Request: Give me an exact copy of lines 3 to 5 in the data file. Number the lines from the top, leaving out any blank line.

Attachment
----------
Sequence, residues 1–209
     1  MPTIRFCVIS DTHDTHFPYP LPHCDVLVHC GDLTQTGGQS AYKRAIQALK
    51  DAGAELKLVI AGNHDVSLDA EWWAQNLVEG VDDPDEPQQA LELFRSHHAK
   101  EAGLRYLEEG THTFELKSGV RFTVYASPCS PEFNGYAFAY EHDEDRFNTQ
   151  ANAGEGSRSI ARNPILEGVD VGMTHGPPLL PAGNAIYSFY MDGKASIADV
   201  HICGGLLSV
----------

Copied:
    51  DAGAELKLVI AGNHDVSLDA EWWAQNLVEG VDDPDEPQQA LELFRSHHAK
   101  EAGLRYLEEG THTFELKSGV RFTVYASPCS PEFNGYAFAY EHDEDRFNTQ
   151  ANAGEGSRSI ARNPILEGVD VGMTHGPPLL PAGNAIYSFY MDGKASIADV